While some in the corporate world bristle at the notion of any type of legislative or regulatory mandate, the market is in fact driving these diversity initiatives at a broader level. Nasdaq’s requirements ultimately do not require boards to meet the diversity minimums to remain listed, but they do require companies that fail to reach stated minimums to explain why they cannot (or will not) comply. The purpose is to provide transparency that stakeholders are demanding rather than to force board composition in one direction or another. Clear disclosure rules around diversity provide stakeholders with the information they need while also giving companies space to make the decisions that are right for them.
“The Nasdaq proposal has fundamentally shifted the conversation around board diversity,” said Rosati. “This non-compliance disclosure will undoubtedly open the floodgates to further scrutiny around broader workforce diversity, which was a key issue in the 2021 proxy season.”
Indeed, more than 90 proposals related to workforce diversity were submitted for S&P 1500 companies in 2021, with 13 going to a vote. Average support for these proposals went from 35% in 2020 to 55% in 2021.
“Investors are paying close attention to these issues, and companies that are required to disclose their non-compliance with Nasdaq’s rules in 2022 will likely make themselves vulnerable to workforce diversity proposals in the 2023 season and beyond,” Rosati added.
The Road Ahead
One remaining flag that continually shows up in the GDI data is the overindexing of multi-boarded women. In Q3, 25.8% of female directors served on multiple boards, in comparison to 17.2% of male directors who were on more than one board. This gap has continued to grow consistently, and 58.8% of the male directors added to boards in Q3 2021 are now serving in their first directorship, compared to 54.8% of women.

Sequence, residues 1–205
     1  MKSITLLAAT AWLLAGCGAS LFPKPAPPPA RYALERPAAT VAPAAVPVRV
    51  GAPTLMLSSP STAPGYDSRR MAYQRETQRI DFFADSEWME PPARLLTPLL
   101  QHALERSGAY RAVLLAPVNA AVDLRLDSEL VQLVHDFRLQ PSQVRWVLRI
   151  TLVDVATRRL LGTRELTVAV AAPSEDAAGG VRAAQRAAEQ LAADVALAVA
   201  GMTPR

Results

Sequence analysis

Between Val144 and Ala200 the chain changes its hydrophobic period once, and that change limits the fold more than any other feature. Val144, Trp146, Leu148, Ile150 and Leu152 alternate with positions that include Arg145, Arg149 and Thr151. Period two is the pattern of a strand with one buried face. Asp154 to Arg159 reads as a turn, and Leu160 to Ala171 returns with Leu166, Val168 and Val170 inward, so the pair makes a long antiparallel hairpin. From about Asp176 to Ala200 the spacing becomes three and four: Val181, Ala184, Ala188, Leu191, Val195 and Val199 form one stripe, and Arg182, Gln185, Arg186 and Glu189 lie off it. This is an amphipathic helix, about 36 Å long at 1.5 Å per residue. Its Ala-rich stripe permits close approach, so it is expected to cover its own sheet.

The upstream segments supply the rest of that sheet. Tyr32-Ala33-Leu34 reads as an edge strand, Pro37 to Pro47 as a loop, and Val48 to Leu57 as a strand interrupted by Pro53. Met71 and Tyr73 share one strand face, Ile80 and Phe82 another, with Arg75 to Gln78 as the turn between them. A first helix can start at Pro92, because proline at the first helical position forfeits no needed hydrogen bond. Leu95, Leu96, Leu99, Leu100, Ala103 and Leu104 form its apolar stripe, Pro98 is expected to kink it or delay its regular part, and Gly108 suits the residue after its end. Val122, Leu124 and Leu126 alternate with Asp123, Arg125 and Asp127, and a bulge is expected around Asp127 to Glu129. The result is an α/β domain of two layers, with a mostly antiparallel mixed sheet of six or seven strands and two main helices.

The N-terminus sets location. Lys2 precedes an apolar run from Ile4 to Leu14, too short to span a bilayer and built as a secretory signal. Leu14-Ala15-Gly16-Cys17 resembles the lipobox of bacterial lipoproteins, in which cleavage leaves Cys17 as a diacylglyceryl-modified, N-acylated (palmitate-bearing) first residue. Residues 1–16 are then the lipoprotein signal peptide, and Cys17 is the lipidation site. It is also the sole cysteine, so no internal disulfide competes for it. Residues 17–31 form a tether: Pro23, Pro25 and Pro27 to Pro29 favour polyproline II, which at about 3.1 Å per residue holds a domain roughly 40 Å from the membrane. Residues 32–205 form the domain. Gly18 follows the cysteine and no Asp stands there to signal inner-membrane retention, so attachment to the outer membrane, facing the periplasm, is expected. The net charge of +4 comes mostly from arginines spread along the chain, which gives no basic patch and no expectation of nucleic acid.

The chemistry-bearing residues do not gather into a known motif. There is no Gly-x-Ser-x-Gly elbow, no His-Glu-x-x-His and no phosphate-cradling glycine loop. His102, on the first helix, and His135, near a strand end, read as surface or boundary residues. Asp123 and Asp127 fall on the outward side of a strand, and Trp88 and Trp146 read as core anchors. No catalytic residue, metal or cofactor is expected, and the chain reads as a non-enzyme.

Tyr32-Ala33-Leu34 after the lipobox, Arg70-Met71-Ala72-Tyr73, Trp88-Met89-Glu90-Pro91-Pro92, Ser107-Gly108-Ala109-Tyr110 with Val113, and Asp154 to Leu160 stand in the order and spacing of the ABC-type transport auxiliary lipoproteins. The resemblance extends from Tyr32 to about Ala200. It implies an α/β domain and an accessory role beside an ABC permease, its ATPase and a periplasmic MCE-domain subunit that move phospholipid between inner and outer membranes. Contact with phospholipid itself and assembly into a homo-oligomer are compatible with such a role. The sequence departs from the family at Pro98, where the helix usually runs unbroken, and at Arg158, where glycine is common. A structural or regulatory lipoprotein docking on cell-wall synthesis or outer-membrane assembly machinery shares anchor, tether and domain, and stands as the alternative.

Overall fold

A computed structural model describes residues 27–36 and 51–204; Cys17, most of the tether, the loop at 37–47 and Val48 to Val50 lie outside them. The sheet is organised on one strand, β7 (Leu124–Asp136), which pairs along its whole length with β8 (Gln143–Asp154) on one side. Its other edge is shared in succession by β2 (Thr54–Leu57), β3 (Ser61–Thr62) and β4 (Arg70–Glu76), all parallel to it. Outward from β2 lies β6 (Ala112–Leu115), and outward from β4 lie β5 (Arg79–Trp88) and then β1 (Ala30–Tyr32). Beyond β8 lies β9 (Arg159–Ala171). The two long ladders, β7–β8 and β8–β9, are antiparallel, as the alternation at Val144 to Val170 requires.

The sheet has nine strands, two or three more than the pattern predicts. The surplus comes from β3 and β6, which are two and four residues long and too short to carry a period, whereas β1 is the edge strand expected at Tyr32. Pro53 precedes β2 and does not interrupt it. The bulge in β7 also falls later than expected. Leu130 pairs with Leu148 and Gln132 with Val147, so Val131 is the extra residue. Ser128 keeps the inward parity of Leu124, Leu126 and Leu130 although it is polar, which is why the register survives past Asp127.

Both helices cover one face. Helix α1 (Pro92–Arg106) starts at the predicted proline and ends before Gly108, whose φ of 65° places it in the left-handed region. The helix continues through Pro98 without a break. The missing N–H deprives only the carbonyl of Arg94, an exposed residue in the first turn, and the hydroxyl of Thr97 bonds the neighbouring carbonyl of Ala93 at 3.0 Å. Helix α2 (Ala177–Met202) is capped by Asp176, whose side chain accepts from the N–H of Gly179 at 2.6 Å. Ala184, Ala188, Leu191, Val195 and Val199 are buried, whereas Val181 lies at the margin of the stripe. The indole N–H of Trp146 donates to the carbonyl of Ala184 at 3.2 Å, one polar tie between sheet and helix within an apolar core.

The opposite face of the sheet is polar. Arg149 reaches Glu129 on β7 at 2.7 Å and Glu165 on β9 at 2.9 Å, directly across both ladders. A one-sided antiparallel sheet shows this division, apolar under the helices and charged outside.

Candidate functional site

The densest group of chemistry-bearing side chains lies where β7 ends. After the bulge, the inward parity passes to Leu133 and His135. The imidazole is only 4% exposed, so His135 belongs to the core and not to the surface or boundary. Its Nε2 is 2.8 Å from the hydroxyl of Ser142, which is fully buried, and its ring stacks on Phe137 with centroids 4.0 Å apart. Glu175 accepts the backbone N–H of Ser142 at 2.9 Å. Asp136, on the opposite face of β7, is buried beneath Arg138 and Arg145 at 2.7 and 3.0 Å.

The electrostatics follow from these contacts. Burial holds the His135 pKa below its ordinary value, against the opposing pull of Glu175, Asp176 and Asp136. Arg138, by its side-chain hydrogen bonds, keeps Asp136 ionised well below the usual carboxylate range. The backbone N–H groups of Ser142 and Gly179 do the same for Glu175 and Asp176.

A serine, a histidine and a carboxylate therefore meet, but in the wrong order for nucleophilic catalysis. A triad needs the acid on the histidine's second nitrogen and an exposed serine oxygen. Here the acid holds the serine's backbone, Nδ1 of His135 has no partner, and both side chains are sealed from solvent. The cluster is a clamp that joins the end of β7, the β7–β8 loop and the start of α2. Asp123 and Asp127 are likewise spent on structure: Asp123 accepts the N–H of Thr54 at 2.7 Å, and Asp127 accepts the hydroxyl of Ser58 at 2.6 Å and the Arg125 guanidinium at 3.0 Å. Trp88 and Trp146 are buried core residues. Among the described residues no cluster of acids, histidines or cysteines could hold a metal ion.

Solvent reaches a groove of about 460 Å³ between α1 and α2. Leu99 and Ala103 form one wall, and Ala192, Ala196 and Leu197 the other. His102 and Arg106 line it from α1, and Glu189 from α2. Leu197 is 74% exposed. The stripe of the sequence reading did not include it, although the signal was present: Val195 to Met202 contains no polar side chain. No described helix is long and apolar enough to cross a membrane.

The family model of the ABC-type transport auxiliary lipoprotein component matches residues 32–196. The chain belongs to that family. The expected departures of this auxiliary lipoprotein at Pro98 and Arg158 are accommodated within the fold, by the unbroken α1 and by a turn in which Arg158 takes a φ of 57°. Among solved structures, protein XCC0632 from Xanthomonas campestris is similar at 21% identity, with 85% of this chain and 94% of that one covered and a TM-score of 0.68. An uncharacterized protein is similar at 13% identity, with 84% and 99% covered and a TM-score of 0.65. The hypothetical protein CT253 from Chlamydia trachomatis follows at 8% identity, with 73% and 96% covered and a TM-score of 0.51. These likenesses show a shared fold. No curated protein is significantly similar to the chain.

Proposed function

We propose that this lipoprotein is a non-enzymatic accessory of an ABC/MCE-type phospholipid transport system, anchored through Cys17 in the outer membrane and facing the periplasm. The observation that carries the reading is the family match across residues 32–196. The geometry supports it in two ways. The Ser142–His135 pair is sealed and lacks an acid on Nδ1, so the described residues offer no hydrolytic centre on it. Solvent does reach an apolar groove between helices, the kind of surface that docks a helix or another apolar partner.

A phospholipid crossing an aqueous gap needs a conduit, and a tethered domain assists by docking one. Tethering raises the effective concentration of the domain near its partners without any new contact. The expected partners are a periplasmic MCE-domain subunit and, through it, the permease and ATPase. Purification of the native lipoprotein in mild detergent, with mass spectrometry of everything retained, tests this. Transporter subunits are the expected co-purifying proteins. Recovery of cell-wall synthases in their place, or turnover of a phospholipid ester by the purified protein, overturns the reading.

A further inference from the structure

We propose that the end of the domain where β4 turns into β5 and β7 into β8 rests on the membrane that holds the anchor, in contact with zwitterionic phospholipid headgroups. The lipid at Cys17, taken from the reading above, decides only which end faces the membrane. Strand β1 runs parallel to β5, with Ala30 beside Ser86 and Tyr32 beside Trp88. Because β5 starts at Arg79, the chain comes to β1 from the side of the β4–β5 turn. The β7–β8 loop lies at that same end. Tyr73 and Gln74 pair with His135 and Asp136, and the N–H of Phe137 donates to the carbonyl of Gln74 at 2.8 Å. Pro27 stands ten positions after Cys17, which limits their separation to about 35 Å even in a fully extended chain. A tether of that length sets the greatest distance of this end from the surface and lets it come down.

“One statistic to keep an eye on is the higher percentage of women than men on multiple boards,” said Angele. “The pipeline of qualified female executives seeking their first public company board seat is robust, and ideally first-time directors will continue to find their places in corporate boardrooms.”
On one hand, these figures indicate the success of highly qualified women who have earned these important roles by the merit of their professional credentials. However, it does potentially highlight a consistent issue raised when considering the long-term stability of diversity initiatives. If board seats are routinely filled with a small pool of candidates, regardless of how qualified they are, that may have the effect of closing off opportunities for others. The “pipeline problem” in this instance isn’t a lack of qualified candidates available, it’s that they may not be looked at until the well-known candidates are maxed out on their commitments.
“The demand for diverse board members is increasing, and there is no shortage of highly qualified candidates,” added Angele. “As aspiring board members consider their journeys, it helps to focus on the '3Rs' of board candidacy: Demonstrate relevance, exercise resolve and nurture relationships. Boards are increasingly nuanced in their searches — seeking board members with very specific skill sets in addition to high-level business acumen — making it critical for aspiring board members to define their skill sets in a manner that demonstrates a high degree of relevance to the company’s future needs.”
About Equilar Gender Diversity Index
The Equilar GDI reflects changes on Russell 3000 boards on a quarterly basis as cited in 8-K filings to the SEC. Most indices that track information about board diversity do so annually or even less frequently, and typically with a smaller sample size, sometimes looking back more than a full year by the time the information is published. While this data is reliable and accurate, the Equilar GDI aims to capture the influence of the increasing calls for diversity from investors and other stakeholders in real time.
The Equilar GDI is powered by Equilar BoardEdge, a database of more than one million public company board members and executives. BoardEdge includes exclusive features that show how board members and companies are connected to each other, as well as the Equilar Diversity Network (EDN), a “registry of registries” of board-ready executives from leading ethnic and gender diversity partnerships, organizations, and publications.
Senior Editor at Equilar
Dan Marcec, Senior Editor at Equilar, authored this post. Brendan Cullen, Samar Feghhi, Forrest Rouleau, Kelly Stangl, Kristen Tang, Ziyi Ye and Reina Zhang contributed data and analysis. Please contact Amit Batish, Director of Content and Communications, at firstname.lastname@example.org for more information about this article.